Remember a time when your mind was your ‘computer’? No? Me either. Nowadays we rely on technology to wake us up, monitor our health, remember events or appointments, do simple calculations, and to navigate through cities...so much so that we don’t trust our own instincts and capabilities. New York based designer Archie Archambault created “Map From The Mind” - which uses the knowledge of locals, as opposed to GPS, to create a unique series of maps. Map From The Mind brings the thrill of exploration back into our daily journeys.
Author: Siphilele Magagula
Image: Courtesy of Archie Archambault
New research indicates that GPS's are hindering our ability to create mental maps, which consists of making connections between elements in our surroundings in order to navigate through space. GPSes have also been reported to lead people in the wrong direction.
As a response, Archie Archambault's mapping project aims to represent collective mental maps for each city, by simplifying structures and districts.
Official Maps vs Mental maps?
Whether it’s on paper or digital, cartography is a subjective representation system. The selection of criteria, set codes, symbols and hierarchy between the different elements visually represented, are all at the discretion of the cartographer. It is almost a process of abstraction. Through comprehensive graphics we learn how to read those codes and use them as our way-finding system.
There is however a difference between the conventional mapping system and the way in which our brains shape orientation and the sense of place. Although digital maps have made navigation easier and opened us up to new terrains, the reliance on them prevents us from formulating our own mental maps. The everyday personal interaction with the urban landscape that mental maps provide is crucial for the human experience - creating a sense of place, providing an emotional connection and a sense of security. It is not only the framework of conceptual organization, but is filled with multisensory stimulations, which create an association with objects and landmarks that become ingrained in our memory and are triggered even in people with memory disorders.
In the 60's in his book ‘The Image Of The City, American urban planner Kevin Lynch introduced the concept of mental mapping. His method consisted of manually crowd sourcing spatial information by asking inhabitants to represent their surroundings based on their interactions and perception. Lynch is considered an icon in human centered urbanism, along Jane Jacobs or William Whyte.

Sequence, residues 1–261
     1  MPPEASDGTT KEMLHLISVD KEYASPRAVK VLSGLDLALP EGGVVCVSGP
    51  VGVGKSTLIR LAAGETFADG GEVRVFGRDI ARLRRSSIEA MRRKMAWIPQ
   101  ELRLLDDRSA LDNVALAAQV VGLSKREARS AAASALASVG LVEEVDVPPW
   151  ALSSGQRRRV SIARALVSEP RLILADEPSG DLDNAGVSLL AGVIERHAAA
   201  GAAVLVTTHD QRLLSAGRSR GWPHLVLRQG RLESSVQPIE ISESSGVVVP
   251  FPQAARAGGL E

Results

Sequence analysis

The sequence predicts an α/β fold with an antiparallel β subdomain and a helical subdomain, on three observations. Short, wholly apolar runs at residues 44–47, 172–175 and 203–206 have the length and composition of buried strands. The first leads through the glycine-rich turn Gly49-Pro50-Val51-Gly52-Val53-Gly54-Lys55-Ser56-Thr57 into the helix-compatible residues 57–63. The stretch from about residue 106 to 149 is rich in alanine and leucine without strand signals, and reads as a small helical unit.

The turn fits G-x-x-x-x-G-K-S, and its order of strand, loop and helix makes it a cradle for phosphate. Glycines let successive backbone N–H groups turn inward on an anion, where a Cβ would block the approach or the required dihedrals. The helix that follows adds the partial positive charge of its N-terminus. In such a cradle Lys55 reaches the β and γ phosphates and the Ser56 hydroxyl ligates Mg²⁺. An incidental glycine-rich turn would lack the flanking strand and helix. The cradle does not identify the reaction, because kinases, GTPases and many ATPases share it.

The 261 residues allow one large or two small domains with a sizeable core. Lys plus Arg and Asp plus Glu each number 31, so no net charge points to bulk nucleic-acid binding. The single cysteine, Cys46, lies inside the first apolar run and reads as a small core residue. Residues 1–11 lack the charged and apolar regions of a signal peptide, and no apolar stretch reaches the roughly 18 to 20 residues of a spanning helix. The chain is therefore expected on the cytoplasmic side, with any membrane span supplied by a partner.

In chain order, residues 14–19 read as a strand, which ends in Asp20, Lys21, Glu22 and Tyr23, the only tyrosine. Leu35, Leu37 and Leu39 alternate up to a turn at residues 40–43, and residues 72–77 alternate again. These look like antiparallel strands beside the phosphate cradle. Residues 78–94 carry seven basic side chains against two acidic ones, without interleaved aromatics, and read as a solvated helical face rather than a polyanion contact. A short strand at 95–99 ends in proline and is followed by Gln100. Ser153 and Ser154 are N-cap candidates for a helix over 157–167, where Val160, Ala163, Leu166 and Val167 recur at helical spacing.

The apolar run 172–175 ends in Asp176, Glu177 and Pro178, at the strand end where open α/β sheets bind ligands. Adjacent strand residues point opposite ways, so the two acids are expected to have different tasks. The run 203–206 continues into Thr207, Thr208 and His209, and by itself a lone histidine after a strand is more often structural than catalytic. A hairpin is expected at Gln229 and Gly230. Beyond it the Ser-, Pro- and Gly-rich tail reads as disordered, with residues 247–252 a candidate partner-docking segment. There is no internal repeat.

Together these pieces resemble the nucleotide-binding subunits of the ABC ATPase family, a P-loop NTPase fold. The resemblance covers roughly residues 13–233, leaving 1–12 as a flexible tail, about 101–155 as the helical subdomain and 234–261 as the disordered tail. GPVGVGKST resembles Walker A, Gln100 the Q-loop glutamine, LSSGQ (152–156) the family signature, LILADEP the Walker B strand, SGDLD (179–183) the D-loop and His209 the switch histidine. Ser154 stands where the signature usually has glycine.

Image: Boston image map, drawn from a collective of cognitive maps, by Kevin Lynch - courtesy of Medium
There is an unmistakable link between Archambault and Lynch’s work, from his philosophy to his research methods.
Are Maps From The Mind The New or Original Form of GPS?
Archie Archambault, presumably influenced by Kevin Lynch’s work, set out on his own mission to simplify and personalize way-finding with the "Map from the Mind" project. With his degrees in Art and Philosophy at Colorado College and Urban Design at Harvard, Archambault embarked on this project several years ago with the aim of creating a minimal, simplified navigation system inspired by local knowledge. “My maps aim to install a "Map from the Mind", simplifying structures and neighborhoods in the most efficient and beautiful way” he explains.
Unlike Google Maps, Archambault’s maps have a personal approach to way-finding. He travels all over the world exploring cities and Interviewing locals and real estate agents, encouraging them to sketch and talk about their experiences in these locations. The result is these unique letterpress prints that clearly convey the scale and connections of what locals deem as the most important locations. Archambault uses circles, as opposed to blocks to represent zones as the circle is our Universe's softest shape.
Image courtesy of Archie Archambault
Image courtesy of Archie Archambault
Archambault’s simplified system makes complex cities like New York easier to envision and appear less threatening - inviting the visitor to explore confidently. One of the fears I had about moving to New York was navigating the seemingly complex subway system and busy streets, however mastering the subway did not feel as good as mastering the streets, sans GPS - where I wandered aimlessly. With less time spent looking down at my phone for the next instruction, there was more time to look up, appreciate and discover my surroundings.
Challenge yourself to create your own mind map and embark on your next adventure!
Video courtesy of Archie Archambault